Every single time you tap, swipe, or perform another touch-based gesture on the screen, it will bounce a little.
At least part of the problem is that the based of the 2.9 laptop just isn’t heavy enough. If you tap the screen hard enough, you’ll notice the front of the laptop wobbles a bit too. But even if you hold down the front of the laptop with one hand, the screen will shake a bit when you tap it with the other.
This isn’t necessarily a fatal flaw — especially if the touchscreen is something you plan to use occasionally rather than constantly. It’s a bit disappointing — but I can’t say it’s unexpected. After all, the VivoBook X202E is one of the cheapest touchscreen notebooks you can buy.
Now that I’m done nitpicking, let’s talk about the overall design. The VivoBook X202E doesn’t look cheap. It has dark brushed aluminum lid and a silver/gray aluminum body.
While it’s not as thin as an ultrabook, at 2.9 pounds it’s awfully light and portable — and Asus even includes a rather small charging cable instead of a two-piece power brick.
The base of the laptop appears to be covered with plastic, but that keeps it from getting excessively warm or cold. There’s a vent in the center of the base which helps keep the laptop from overheating. It also means you’ll hear a bit of fan noise when the notebook is in use — although the VivoBook X202E fan is far from the loudest notebook fan I’ve heard. (That honor would go to the jet engine-like fans on the Acer Aspire S7 ultrabook).
Unfortunately there’s no access panel on the bottom of the laptop, so if you want to perform any repairs or upgrades, you’ll need to remove a series of screws and then pry off the bottom panel which is held in place by plastic clips.
The 4GB of RAM is soldered to the motherboard, so there’s no way to upgrade the memory. But you should be able to replace the 7mm hard drive with a different hard drive or solid state disk.
You could also theoretically remove the battery once the case is open, but since this laptop isn’t designed to be opened up you’ll probably have a hard time finding anyone selling spare batteries.
The sides of the laptop are just thick enough to accommodate a full-sized VGA port along with USB, HDMI, headset, and SDHC card ports. There’s also an Ethernet jack, but you’ll need to lower a little plastic door in order to fit a full-sized Ethernet cable into that slot.
I’ve been a bit spoiled by the ultrabooks and Chromebooks I’ve reviewed recently. At this point, I kind of expect a computer to boot in 20 seconds or less. The Asus VivoBook X202E takes closer to a minute.
You can largely blame the 5400RPM hard drive for that. Notebooks with speedier solid state disks tend to boot much more quickly, especially if they’re running an operating system optimized for quick booting, such as Chrome OS or Windows 8.
Once the OS is up and running though, the VivoBook X202E feels pretty zippy. It resumes from sleep just about as quickly as any notebook with a solid state disk. And while it has a Core i3 processor (which is the cheapest Core family chip Intel offers), it’s still an Ivy Bridge processor (which means it’s a 3rd-generation Intel chip). As such, this laptop performs almost as well in many tests as fast as one with an Intel Core i5 Sandy Bridge (second generation) chip.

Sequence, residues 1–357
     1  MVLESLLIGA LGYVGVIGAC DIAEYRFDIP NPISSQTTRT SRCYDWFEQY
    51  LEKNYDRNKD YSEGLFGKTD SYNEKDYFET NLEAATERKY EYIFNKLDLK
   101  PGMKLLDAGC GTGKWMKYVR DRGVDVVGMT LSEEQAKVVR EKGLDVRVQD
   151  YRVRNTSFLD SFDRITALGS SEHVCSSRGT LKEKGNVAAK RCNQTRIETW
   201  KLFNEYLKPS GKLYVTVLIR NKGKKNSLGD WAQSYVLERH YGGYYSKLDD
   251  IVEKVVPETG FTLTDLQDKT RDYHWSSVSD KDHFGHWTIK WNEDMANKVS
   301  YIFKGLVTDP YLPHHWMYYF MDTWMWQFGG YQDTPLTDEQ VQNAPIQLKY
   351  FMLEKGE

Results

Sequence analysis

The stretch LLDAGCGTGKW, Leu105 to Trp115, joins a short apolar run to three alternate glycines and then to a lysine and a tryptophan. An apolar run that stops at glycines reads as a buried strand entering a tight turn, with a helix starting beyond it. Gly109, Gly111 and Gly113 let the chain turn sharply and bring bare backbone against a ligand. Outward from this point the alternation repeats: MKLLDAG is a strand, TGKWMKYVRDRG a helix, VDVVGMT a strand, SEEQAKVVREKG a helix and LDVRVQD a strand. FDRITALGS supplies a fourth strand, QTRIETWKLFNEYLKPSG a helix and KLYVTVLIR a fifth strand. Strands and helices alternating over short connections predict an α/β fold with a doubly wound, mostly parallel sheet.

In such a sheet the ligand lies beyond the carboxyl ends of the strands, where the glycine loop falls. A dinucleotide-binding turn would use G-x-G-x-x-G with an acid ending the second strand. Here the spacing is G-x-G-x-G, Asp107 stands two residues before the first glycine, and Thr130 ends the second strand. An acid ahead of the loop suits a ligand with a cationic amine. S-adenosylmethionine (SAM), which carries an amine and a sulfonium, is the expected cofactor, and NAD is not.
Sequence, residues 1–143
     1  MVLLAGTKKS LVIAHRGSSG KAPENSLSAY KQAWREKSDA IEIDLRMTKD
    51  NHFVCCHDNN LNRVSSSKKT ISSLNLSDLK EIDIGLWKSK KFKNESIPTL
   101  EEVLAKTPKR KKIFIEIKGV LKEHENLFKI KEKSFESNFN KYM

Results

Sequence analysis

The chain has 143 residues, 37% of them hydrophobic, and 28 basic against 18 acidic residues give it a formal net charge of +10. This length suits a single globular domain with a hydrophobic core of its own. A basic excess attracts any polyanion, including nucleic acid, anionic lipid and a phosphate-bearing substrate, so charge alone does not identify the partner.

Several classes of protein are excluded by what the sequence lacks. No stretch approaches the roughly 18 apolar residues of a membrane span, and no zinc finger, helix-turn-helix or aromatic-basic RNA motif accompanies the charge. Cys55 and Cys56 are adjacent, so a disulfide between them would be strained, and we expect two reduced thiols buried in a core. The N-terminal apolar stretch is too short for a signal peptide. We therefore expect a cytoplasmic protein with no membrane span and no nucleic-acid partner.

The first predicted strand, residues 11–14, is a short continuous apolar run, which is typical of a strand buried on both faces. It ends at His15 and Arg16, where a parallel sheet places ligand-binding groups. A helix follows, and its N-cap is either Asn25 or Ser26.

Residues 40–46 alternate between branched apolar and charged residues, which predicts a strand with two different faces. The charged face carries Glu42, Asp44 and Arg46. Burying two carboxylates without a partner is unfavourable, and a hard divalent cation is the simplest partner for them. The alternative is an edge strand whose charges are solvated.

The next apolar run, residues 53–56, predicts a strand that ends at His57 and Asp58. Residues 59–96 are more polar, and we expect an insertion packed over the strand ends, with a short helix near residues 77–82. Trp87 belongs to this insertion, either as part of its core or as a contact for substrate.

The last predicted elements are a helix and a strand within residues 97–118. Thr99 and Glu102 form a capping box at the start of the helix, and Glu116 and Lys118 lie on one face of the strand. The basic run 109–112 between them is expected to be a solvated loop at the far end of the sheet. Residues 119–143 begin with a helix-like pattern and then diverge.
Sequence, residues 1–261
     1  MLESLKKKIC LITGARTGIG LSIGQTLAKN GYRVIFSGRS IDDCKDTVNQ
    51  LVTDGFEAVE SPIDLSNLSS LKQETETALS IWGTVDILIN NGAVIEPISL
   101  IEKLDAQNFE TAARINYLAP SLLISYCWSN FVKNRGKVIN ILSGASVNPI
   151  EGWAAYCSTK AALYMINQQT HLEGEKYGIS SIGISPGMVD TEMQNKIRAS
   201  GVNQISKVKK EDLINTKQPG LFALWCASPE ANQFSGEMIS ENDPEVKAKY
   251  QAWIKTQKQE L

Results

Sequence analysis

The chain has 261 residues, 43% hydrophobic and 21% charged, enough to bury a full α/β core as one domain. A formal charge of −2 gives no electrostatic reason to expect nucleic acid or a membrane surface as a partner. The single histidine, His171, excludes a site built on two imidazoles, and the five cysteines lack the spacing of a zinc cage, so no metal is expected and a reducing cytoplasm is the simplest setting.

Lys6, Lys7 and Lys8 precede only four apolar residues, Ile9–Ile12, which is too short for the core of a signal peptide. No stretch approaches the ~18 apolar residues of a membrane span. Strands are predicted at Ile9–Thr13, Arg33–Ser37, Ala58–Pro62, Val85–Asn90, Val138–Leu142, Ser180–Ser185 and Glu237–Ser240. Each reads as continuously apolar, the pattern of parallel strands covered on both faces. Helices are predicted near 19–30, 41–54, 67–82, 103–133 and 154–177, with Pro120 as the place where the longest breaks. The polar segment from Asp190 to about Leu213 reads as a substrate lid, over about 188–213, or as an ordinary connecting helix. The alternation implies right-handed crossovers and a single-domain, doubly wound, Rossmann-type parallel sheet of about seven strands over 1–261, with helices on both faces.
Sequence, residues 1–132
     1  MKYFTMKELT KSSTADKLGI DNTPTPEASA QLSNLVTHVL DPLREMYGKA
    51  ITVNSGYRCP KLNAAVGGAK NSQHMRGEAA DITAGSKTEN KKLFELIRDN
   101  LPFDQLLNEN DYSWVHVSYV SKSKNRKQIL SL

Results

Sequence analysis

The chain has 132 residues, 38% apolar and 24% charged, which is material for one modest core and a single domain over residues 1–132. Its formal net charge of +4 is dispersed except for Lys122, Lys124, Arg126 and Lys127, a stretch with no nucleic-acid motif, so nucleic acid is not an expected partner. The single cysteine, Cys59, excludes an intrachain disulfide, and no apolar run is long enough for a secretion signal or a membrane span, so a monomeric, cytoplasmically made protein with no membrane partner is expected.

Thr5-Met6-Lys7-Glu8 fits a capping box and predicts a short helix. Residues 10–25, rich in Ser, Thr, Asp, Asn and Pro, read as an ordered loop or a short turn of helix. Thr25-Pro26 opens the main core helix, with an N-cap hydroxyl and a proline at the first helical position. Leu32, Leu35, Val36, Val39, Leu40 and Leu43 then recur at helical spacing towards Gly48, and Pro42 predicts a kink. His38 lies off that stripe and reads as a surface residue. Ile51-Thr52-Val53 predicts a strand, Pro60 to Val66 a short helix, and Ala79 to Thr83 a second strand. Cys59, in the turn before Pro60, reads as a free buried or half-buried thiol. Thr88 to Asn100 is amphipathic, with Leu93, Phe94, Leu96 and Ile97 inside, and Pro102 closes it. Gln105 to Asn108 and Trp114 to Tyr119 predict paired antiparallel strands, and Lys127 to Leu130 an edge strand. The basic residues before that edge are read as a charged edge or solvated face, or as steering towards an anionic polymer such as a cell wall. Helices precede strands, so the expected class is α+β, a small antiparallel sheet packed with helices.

While it trailed the Samsung Series 9 and Asus Zenbook UX31 ultrabooks (Core i5 Sandy Bridge) and HP Envy 4 TouchSmart (Core i5 Ivy Bridge) ultrabooks in most of my tests, the VivoBook X202E ran circles around the HP Pavilion DM1 (AMD E2-1800) in most CPU tests and performed significantly faster than any Intel Atom-powered netbook I’ve ever tested.
Asus also includes a Power4Gear utility which lets you optimize the laptop’s settings for high performance or longer battery life.
The notebook’s stereo speakers are located on the bottom of the laptop — but they’re positioned near the front of the chassis where the body curves up. That means they’re probably never going to be completely covered by your lap or a tablet, and for this reason they sound a little louder and more clear than the speakers on most portable notebooks.
Just don’t expect a lot of bass. You won’t get it — and when I tried playing some bass-heavy songs, the speakers started to distort a bit.
While I’ve only tested the laptop using Windows 8, there is an option in the pre-boot settings to disable UEFI Secure Boot, which means that you should be able to install Linux, Windows 7, or other operating systems on this notebook.
If you’re in the market for a portable notebook with Windows 8 and a touchscreen display, the Asus VivoBook X202E is one of the cheapest options available, at $499 and up. But despite the relatively low price, it’s a pretty decent laptop which offers acceptable performance, a decent keyboard, and a rather attractive case design.
Just don’t go expecting too much from a notebook in this price range. The touchscreen wobbles, the touchpad isn’t quite as reliable as it could be, and the notebook doesn’t exactly offer all-day battery life.
Now that Asus has pretty much pulled out of the netbook market, the company is positioning the VivBook X202E as a sort of successor to the Asus Eee PC line of mini-laptops. It’s a bit bigger than a netbook, and a bit more expensive. But it offers the kind of user experience you’d expect from a full-fledged laptop (albeit an inexpensive one) in a 2.9 pound package.